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ACT on Your Business is written to help entrepreneurs understand their values and live them out. Lee takes the six core concepts of ACT and modifies them for business. Readers learn about the traps they get stuck in, what healthier approaches look like, and work through exercises to help them implement what they are learning.
ABOUT THE AUTHOR:
Lee Chaix McDonough is an LCSW and coach who specializes in helping business owners find success. She served military families before founding Caravel Coaching in 2016. You can find out more about her here. Make sure you’re also following her on Facebook and Instagram.
WHAT WE LOVE:
I loved the way that Lee applied her therapy skills to entrepreneurship. She identifies many of the traps that business owners, or potential business owners get stuck in, then helps readers work through them using ACT. This can be especially important for therapists who often struggle with the management side of private practice.
Find more books to help you on your private practice journey HERE
Lee takes the six core concepts of ACT and modifies them for business people. She explains each in a way that readers can understand and implement into their own lives. Her insights and exercises are logical and efficient enough to appeal to time strapped business owners.
WHAT WE DIDN’T:
I’m not an ACT practitioner so that probably influences this but I thought the book was a bit jargon heavy. The key words used to describe concepts were overused. I think that way of speaking is more common for therapists with more of a CBT or ACT orientation so it may feel natural to others.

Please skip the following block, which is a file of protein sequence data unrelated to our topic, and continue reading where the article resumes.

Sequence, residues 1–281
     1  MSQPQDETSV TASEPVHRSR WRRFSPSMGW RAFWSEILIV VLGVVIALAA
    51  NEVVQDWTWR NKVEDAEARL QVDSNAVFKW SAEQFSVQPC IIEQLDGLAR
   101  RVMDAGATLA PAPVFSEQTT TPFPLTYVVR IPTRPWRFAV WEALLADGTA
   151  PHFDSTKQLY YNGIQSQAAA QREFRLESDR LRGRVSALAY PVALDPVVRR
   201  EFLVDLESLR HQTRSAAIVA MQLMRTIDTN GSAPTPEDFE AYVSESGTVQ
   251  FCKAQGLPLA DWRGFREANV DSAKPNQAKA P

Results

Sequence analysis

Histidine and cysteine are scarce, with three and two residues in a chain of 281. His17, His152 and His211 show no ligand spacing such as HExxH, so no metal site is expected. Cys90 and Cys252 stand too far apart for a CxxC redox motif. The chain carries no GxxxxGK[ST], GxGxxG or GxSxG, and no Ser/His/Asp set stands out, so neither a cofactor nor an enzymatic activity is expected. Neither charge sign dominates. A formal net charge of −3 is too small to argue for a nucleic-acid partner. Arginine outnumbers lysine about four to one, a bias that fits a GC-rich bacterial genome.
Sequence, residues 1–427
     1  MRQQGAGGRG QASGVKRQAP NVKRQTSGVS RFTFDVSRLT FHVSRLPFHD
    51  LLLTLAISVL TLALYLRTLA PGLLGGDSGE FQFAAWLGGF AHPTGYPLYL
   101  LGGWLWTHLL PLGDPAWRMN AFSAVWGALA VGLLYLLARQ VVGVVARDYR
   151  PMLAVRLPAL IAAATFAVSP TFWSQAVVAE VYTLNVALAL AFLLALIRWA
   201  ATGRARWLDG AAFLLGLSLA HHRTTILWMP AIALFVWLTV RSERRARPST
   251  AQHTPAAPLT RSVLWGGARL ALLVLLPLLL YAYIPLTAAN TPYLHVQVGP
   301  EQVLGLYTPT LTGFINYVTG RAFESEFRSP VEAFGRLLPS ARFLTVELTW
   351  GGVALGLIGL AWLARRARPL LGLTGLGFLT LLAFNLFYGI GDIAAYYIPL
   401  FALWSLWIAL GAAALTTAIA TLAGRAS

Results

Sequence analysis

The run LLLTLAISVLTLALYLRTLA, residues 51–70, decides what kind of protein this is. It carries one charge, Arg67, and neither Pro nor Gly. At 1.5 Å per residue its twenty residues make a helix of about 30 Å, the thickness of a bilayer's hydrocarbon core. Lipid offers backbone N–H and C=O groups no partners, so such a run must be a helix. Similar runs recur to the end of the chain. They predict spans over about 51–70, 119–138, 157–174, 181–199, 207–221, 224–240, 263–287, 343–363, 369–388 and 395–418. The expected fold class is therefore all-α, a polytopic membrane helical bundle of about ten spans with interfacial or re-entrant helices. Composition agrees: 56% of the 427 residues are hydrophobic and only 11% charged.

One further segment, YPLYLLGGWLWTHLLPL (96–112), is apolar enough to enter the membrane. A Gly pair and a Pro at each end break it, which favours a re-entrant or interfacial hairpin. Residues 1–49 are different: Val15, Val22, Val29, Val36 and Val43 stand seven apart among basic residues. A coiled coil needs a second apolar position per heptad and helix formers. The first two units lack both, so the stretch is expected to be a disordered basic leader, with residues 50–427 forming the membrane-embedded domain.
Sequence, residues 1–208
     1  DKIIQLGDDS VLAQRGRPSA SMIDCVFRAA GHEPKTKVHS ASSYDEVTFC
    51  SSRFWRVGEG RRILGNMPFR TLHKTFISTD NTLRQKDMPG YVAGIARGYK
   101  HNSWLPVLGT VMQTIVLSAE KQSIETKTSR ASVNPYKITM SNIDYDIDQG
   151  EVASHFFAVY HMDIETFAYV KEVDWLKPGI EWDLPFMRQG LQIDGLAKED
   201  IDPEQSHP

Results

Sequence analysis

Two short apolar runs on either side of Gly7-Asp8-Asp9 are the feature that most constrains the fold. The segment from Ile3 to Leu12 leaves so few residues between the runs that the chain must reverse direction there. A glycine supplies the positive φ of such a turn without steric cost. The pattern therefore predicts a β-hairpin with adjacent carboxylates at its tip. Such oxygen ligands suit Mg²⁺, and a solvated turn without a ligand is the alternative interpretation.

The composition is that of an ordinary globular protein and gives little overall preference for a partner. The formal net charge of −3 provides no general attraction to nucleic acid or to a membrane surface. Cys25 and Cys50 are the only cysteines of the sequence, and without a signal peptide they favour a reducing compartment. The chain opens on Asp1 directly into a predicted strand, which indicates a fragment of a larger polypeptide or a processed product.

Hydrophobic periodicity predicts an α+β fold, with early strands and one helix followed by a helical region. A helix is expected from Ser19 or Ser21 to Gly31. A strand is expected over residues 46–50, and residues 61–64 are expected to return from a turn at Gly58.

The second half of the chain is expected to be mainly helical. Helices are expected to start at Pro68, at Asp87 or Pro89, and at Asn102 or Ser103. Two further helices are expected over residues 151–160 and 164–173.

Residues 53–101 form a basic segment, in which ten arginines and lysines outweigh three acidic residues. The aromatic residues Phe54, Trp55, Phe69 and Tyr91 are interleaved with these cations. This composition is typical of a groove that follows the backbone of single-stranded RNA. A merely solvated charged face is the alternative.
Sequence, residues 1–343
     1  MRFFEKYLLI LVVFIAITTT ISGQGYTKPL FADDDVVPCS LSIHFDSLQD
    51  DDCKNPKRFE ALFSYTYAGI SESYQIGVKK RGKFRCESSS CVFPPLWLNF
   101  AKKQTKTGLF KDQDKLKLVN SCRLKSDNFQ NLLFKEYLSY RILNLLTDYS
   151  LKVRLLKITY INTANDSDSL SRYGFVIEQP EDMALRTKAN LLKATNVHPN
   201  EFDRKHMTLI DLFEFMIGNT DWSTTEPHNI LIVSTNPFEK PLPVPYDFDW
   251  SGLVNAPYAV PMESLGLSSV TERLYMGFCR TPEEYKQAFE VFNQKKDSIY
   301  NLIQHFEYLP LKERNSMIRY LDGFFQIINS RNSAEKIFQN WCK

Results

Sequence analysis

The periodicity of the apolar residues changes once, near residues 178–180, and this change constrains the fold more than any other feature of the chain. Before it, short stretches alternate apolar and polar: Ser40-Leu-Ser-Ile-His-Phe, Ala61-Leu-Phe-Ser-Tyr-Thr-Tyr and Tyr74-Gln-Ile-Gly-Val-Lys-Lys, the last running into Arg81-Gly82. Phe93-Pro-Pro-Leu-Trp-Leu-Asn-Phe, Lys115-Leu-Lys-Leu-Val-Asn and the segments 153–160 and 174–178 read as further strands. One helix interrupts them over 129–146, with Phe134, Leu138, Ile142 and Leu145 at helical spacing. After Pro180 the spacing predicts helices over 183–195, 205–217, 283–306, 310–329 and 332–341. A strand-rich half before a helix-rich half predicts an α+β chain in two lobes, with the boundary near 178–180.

This book is perfect for anyone getting ready to start a private practice or for those who feel stuck in their business. It doesn’t teach the practical skills, like marketing or accounting, but it helps you understand what you want out of your practice and create a path towards that.
Many therapists enjoy recommending books to their clients to supplement the work they are doing together. We also use books to help ourselves grow as people and practitioners. Remember though that books are never a replacement for real human connection or for therapy when it’s needed. If you find yourself needing a therapist, a great place to start is Psychology Today. If you are having thoughts of hurting yourself or someone else, please contact the National Suicide Prevention Hotline.